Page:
• ‘When I came home, Andy had taken his place and showed little inclination to get up after I helped R. on with her robe.’
      • ‘When we got home, I had to help her off with her clothes because she could hardly move for fear of hurting her head.’
      • ‘He is fun and opens door and helps me on with my coat.’
      • ‘‘Oh thank god you're back,’ he said, helping me off with my backpack.’
      • ‘Martina helps him on with his coat, her proprietary gaze examining his appearance.’
      • ‘He was over in a flash, zipped her up, helped her on with her coat: a complete gentleman.’
      • ‘After ten minutes, he returned and helped Matt on with his coat.’
      • ‘She would smile as he returned home, helping him off with his lab coat as she explained that dinner would be ready in just a moment.’
      • ‘Then you've got to help him off with what's left of his shirt.’
      • ‘He took her to a consulting room and helped her off with her clothes, before indecently touching her.’
      • ‘Then he helps Paul off with his Wellington boots and wet socks.’
      • ‘I am of the generation which says treat her as a lady: open the door for her, hold the chair out for her to sit down, help her on with her coat.’
      • ‘Uniquely, for so starred an establishment, they only point you towards the loo, rather than walking you there and helping you off with your trousers.’
      • ‘He walked her out to the car, quickly grabbing his keys and coat and helping Lauren on with her own coat on their way out the door.’
  • 2help oneselfServe someone with (food or drink)

    ‘may I help you to some more meat?’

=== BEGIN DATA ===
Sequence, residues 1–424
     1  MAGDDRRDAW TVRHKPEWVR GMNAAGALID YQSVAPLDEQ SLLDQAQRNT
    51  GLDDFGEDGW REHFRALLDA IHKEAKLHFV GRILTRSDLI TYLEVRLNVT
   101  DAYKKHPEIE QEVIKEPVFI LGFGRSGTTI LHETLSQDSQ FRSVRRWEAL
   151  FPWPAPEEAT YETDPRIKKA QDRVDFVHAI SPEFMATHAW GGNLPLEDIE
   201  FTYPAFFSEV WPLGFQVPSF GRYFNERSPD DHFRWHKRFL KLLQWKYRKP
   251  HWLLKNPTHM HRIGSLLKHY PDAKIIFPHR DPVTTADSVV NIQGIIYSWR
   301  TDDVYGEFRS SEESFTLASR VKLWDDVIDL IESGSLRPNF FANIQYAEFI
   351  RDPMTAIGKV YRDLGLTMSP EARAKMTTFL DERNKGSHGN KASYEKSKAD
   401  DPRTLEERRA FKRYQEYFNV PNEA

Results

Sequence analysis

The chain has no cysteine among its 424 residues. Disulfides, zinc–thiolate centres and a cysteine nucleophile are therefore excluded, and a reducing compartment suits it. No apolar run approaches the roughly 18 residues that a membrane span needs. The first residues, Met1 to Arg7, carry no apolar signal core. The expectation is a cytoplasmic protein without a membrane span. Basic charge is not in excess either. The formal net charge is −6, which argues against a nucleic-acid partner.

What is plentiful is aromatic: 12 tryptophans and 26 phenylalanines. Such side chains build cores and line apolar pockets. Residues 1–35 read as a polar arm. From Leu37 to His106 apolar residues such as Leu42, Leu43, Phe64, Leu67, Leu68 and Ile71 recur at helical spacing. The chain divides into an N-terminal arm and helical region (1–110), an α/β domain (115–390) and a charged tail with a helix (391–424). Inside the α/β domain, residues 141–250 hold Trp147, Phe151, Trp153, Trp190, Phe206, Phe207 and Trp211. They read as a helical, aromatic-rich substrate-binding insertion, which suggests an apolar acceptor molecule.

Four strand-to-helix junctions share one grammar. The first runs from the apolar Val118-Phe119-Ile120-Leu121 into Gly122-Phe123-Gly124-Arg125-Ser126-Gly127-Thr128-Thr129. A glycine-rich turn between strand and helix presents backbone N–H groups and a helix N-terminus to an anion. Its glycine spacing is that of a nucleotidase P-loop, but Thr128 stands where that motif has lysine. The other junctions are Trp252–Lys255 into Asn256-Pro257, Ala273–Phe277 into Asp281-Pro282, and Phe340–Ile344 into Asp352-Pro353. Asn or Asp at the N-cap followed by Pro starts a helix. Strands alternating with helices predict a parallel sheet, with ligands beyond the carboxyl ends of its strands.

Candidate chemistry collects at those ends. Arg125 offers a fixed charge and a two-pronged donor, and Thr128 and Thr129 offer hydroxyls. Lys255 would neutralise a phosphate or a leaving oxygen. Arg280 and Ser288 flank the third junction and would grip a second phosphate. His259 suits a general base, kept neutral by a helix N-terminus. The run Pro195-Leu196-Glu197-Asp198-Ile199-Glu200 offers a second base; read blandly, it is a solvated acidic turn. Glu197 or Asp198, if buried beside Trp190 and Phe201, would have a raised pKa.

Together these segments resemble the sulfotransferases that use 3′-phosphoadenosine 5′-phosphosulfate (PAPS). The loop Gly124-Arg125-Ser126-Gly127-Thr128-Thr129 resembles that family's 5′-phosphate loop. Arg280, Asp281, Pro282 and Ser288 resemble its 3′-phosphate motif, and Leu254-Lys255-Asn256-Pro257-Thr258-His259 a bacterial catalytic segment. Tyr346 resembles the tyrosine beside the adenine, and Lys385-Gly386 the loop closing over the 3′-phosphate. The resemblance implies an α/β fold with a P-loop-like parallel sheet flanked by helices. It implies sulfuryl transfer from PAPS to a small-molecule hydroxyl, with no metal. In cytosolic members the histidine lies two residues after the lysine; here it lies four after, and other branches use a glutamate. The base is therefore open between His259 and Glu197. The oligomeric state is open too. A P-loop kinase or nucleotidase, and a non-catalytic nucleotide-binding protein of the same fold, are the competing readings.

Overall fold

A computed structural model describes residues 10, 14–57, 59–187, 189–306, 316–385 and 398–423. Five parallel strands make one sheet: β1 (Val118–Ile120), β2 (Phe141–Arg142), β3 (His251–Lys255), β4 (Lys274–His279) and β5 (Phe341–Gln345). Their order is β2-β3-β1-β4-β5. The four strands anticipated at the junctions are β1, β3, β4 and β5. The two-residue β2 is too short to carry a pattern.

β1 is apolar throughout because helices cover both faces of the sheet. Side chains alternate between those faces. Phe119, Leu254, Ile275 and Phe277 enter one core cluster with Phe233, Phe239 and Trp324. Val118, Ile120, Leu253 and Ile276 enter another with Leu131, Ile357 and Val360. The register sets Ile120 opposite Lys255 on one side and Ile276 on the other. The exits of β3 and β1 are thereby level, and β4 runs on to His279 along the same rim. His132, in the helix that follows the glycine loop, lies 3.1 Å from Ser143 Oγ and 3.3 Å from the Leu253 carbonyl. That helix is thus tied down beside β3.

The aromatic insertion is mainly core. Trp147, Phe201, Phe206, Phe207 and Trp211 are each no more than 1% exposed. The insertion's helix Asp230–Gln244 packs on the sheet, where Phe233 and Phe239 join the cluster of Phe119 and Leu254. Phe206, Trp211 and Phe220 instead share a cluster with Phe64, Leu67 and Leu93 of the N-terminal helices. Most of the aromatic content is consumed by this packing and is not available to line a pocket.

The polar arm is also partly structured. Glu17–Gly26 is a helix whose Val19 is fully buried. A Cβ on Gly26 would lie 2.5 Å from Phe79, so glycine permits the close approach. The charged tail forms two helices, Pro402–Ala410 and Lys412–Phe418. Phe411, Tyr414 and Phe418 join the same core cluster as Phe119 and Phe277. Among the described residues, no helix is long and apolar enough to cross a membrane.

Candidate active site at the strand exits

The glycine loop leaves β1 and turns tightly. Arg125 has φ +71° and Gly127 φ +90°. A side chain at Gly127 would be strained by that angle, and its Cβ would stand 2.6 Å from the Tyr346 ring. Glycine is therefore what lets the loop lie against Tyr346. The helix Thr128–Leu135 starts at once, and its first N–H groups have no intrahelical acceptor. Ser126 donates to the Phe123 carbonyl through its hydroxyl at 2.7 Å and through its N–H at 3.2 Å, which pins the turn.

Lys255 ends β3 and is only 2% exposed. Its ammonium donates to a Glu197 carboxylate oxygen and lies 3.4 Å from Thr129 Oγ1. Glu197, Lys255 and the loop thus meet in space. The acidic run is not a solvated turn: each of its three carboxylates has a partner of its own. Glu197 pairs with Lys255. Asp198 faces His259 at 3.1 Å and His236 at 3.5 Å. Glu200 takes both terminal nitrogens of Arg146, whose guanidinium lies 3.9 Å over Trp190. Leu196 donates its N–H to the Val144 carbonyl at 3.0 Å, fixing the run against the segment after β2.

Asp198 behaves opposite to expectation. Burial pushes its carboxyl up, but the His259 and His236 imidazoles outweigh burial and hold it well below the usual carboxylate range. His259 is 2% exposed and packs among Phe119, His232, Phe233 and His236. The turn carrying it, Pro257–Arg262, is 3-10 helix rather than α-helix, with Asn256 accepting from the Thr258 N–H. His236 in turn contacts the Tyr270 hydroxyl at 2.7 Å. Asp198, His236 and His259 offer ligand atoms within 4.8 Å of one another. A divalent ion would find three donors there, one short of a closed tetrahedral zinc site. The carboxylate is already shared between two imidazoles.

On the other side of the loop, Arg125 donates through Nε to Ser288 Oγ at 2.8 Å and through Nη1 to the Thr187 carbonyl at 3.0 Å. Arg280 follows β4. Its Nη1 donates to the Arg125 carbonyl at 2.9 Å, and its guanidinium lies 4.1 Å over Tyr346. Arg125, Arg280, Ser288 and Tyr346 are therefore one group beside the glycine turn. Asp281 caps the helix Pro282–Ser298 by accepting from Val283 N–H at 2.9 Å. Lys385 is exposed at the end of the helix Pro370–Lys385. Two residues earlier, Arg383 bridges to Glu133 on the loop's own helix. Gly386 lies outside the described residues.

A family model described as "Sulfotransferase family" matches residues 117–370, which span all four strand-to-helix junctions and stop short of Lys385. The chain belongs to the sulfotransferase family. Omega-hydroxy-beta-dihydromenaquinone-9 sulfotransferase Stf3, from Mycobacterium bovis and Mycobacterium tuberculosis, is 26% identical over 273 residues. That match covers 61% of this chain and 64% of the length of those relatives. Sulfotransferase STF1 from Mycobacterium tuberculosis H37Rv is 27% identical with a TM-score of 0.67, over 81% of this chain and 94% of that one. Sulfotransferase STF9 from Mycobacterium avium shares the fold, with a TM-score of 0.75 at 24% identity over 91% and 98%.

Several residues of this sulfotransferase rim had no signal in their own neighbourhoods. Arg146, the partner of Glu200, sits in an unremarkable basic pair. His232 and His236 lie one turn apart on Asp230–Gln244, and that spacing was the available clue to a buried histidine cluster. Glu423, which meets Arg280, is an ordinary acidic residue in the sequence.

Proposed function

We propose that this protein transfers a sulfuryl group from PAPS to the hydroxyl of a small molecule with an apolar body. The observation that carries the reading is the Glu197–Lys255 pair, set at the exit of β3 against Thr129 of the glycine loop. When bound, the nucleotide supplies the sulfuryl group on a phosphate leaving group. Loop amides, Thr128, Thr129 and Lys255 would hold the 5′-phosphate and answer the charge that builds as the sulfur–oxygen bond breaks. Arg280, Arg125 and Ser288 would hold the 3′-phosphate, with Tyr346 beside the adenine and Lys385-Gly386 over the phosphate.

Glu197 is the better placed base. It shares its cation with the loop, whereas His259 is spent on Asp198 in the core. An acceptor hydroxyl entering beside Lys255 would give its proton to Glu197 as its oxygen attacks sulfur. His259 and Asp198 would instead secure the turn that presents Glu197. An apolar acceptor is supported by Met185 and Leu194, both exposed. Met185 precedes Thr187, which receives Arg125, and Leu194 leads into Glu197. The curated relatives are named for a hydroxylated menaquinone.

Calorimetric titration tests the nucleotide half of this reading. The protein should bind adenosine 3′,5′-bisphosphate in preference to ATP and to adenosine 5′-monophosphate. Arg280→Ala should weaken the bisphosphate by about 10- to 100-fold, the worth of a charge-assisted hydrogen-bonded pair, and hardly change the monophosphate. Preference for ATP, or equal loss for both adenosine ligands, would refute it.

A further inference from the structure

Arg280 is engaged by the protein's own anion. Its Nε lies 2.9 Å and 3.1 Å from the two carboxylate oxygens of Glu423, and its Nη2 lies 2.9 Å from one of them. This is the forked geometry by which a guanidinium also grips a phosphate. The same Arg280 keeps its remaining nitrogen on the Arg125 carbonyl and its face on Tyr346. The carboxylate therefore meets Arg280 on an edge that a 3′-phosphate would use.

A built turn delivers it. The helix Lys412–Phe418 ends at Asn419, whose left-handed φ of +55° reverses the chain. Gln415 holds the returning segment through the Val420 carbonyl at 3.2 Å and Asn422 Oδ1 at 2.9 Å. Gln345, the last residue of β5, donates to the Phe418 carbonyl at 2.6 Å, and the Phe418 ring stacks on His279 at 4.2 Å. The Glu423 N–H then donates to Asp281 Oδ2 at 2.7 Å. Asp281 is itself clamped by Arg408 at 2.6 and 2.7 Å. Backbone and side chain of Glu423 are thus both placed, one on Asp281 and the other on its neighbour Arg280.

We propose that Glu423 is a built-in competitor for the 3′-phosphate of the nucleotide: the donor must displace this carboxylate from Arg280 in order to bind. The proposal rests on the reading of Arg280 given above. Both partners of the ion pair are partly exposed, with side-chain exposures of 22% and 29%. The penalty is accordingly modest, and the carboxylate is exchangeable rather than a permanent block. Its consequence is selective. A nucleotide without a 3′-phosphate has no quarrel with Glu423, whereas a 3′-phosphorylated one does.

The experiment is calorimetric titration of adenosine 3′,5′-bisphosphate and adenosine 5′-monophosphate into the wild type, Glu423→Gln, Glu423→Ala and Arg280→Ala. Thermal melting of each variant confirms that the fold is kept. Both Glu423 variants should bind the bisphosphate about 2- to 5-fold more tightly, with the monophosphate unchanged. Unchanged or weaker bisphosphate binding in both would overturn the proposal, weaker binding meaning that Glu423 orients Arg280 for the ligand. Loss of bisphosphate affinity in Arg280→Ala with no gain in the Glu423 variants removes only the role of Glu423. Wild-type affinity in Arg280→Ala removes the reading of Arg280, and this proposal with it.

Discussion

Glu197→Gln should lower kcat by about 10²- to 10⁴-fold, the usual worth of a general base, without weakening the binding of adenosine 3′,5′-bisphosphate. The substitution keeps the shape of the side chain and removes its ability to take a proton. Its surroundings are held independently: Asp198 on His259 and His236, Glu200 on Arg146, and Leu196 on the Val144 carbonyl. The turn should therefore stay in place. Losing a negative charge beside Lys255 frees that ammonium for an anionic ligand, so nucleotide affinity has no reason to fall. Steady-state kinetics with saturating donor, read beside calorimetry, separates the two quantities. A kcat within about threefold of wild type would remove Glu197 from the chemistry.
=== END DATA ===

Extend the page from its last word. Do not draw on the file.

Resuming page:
‘she helped herself to a biscuit’
    • ‘Sources claim the sexy model and four female friends started helping themselves to spicy chicken wings and alcohol which had been laid out for rap stars.’
    • ‘I'd read an account of firefighters helping themselves to almond biscotti in the shattered branches of Starbucks in and around Ground Zero, and if you thought hard about it there was real black irony in there somewhere.’
    • ‘Sat at the kitchen table, with his fiancée, Sarah Wilson, at his side, he spots a bag of crisps and eagerly helps himself, as he recounts his ordeal over the last nine months.’
    • ‘Dave pours another plastic cup of sherry and helps himself to his 173rd Cadburys bar while ignoring colleagues' pleas of ‘Those were bought for the whole office, you know!’’
    • ‘House guests drift in and out of the kitchen, helping themselves to cups of coffee.’
    • ‘It has been long known that helping yourself frequently to fish can keep your heart from breaking, so to say.’
    • ‘They ate food without their mother, helping themselves to chicken pulao, butter lentil and cucumber salad.’
    • ‘Helping yourself to all of the Parma ham or finishing the milk is just looking for trouble.’
    • ‘Everyone helps themselves to some juicy grilled hamburgers, some plump sausages and some plastic covered hotdogs.’
    • ‘At the Bamboo it's basically a question of going in, taking a seat and then helping yourself as many times as you want to all you can eat.’
    • ‘He always tries to eat my food and if we have visitors he often gets on to their chair and helps himself.’
    • ‘We moved close to an extremely scruffy exotic food mart where birds flew around helping themselves to the bulk bins of bulgur and excreting onto the green peppers.’